The camel cacolet section had pushed on from KHALASSA to ASLUJ on the night of the 29th., bivouacking there all day and moving on again at nightfall. The O.C. of this party was anxious to keep ahead as long as possible in order to keep in touch with the faster moving horse units. By adopting this method the camels arrived at EL SHEGEIB almost simultaneously with the Brigade. During the short stay at EL SHEGEIB horsemen seized the opportunity of collecting tibbin from heaps in the vicinity. Poles of carts were dropped but horses remained harnessed and in position. Some of the riding camels were showing signs of fatigue as the pace right through from SHELLAL had been a little too warm for them. This brought trouble to the riders as they were in unknown country and it was necessary at all costs to keep in touch with the main column.
On the 31st October the unit left EL SHEGEIB at 1030 and proceeded over very heavy ground and up steep ascents over the hills near KASHIN ZANNA. A halt was made at mid-day and the horses fed up, and several patients (sick) were transferred to the 4th. L.H.F.Amb. Several short moves were made to keep in touch with the Brigade which was manoeuvring prior to supporting the Anzac Div. When moving over the sky line at KASHIN ZANNA the brigade drew shell fire from a battery of .77s causing casualties 4 in number (1 officer, fatal and 3 0/Ranks).
Three sand carts with four bearers to act as guides were posted with each R.M.O. while 3 carts were held in reserve. The tent division reported to the N.Z. F.Amb. Dressing Station. During these movements the area was bombed by hostile aircraft, one bearer had a very narrow escape and had to be admitted to hospital the following day suffering from shell shock.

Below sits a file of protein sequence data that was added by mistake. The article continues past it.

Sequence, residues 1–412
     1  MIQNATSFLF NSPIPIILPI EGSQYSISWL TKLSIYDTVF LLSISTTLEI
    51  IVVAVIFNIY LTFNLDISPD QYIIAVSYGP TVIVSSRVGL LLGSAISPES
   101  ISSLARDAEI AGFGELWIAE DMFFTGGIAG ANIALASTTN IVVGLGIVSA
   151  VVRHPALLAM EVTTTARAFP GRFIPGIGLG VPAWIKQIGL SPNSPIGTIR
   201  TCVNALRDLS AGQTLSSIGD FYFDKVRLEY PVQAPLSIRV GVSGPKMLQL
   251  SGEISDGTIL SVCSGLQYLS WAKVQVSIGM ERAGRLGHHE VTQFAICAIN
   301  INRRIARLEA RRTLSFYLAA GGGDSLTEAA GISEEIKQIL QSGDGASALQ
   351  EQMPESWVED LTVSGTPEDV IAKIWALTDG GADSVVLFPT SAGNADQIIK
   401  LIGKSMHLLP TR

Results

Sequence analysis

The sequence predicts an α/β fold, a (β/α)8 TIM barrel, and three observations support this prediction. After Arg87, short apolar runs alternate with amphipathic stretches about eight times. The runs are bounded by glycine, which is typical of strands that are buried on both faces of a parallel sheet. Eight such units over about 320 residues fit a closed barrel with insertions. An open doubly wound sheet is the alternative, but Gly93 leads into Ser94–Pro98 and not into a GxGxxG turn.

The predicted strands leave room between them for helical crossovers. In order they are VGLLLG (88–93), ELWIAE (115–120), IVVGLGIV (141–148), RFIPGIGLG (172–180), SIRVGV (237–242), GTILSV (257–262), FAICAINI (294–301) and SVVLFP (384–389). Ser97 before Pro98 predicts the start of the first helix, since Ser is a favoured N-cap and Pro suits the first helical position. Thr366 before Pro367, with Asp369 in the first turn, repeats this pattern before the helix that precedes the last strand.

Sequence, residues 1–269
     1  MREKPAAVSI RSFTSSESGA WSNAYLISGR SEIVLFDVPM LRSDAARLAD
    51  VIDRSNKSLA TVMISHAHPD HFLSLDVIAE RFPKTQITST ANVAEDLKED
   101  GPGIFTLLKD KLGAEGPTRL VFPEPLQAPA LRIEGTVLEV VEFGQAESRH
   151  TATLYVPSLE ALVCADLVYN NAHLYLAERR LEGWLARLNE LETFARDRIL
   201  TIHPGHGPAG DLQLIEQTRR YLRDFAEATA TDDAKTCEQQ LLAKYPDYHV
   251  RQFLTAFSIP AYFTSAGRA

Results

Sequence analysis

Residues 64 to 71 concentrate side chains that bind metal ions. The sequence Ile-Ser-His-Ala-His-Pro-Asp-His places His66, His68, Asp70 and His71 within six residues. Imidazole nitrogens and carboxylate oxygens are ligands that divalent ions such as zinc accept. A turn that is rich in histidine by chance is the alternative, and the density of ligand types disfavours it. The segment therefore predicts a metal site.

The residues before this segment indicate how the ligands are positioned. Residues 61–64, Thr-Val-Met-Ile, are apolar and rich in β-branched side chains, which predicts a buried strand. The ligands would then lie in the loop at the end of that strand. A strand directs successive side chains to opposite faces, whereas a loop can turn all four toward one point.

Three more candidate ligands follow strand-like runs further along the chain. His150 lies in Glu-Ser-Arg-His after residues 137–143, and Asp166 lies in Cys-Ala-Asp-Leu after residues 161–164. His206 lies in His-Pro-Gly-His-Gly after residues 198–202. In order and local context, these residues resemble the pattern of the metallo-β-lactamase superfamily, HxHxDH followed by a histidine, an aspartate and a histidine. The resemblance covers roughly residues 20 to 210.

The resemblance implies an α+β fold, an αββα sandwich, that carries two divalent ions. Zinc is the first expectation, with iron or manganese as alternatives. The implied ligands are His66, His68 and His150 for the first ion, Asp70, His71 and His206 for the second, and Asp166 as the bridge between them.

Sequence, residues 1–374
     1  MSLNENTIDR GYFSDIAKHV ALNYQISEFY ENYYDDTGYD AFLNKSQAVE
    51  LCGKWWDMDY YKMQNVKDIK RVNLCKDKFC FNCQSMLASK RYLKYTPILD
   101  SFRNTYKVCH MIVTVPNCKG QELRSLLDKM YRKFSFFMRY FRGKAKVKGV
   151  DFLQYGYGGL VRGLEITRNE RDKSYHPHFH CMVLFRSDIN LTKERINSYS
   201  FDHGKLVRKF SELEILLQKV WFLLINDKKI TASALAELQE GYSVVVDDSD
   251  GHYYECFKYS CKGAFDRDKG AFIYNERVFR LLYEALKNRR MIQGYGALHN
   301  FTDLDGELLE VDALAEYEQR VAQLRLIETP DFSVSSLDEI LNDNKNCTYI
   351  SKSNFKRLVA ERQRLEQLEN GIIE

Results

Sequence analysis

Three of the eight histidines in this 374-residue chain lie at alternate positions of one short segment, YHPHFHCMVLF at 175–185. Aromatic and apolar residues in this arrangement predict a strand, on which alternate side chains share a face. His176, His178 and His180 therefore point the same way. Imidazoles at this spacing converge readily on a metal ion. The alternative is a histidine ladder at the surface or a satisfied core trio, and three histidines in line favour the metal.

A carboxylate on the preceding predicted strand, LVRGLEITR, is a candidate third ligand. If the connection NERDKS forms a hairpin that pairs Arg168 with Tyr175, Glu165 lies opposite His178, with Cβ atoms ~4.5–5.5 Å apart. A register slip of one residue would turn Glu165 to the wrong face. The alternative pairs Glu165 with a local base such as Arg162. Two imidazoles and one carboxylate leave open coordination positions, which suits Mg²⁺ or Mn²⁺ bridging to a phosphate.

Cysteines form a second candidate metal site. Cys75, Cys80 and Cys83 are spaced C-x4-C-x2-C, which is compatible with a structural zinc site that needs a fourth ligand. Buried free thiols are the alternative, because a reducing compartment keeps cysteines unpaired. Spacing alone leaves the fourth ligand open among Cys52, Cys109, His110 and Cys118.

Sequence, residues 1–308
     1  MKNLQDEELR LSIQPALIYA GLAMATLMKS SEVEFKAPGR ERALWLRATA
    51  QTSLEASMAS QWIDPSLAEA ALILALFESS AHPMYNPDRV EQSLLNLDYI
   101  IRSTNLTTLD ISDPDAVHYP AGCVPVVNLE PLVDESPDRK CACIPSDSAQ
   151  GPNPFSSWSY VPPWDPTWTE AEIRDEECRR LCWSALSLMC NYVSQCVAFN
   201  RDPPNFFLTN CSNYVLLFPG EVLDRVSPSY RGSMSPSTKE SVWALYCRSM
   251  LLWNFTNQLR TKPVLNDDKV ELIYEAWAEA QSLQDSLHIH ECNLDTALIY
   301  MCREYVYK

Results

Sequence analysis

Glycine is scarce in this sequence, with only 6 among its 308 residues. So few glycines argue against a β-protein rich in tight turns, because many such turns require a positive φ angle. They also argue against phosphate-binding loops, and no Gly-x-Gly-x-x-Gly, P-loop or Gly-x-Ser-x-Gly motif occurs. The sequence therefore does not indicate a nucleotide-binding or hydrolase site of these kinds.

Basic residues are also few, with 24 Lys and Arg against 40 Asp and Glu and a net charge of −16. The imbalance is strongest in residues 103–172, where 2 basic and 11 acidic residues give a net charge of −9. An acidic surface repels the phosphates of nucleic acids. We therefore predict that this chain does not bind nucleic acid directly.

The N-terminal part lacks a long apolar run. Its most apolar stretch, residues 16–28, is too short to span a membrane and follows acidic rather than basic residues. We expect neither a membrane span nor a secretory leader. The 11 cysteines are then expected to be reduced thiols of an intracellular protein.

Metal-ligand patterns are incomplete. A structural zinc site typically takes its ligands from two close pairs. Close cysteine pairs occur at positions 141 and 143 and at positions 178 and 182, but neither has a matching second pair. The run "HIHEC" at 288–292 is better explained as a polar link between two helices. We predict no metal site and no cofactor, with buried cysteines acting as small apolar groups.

Several tent division camels now definitely knocked up and on crossing some high ground were shelled by the enemy. The camels refused to increase their pace but luckily no damage was done.
Sandcarts collected wounded from the Brigade and conveyed them to the Anzac Dressing Stn. Later the sandcarts but not the bearers concentrated at WADI EL SABA. Certain of the sandcarts were busy throughout the night collecting casualties the result of the bombing of the 3rd. Bde. and transport at 1800 which caused 30 casualties.
The tent division moved on to the 1st. L.H.F.A. dressing station one mile East of BEERSHEBA at 1700. Orders to rest and proceed at dawn to BEERSHEBA and take over the Turkish hospital were received. This party reported'to the D.A.D.M.S. AUSDIV. at the town hall building, BEERSHEBA but owing to the personnel of the Ausdiv Rec. Stn. arriving by motors from ASLUJ their services were not required. They then rejoined the unit which was camped just on the outskirts of town. Here the camels and horses were watered and a supply of tibbin was obtained from an abandoned Turkish dump. From here all the transport for the conveyance of wounded, including camel cacolets, was sent back to KASHIN ZANNA to collect the wounded from the hills. Portion of the camel section brought in the bodies of those  who had been killed or had died from wounds the previous day. All the wounded brought in were evacuated to the Ausdiv Rec. Station.
November 1st. was exceedingly windy, dusty and hot and the men improvised small shelters and seized the opportunity of washing in water obtained from WADI EL SABA. All endeavoured to cook a hot meal but the wind and dust made this difficult. Bully beef, onions etc. were in most cases turned into a palatable meal. Several days on cold or sun heated bully causes one to appreciate a hot meal of any kind.
Towards evening the wind abated and all ranks obtained water and indulged in cooling baths. About this time a hostile plane bombed the 4th. L.H.F.A. camped only a few chain away from us. Some of our personnel narrowly escaped being wounded but the 4th. were not so fortunate, several casualties occurred among them.
Further Reading:3rd Light Horse Field Ambulance
Citation: The Battle of Beersheba, Palestine, 31 October 1917, 3rd LHFA, AIF, Unit History Account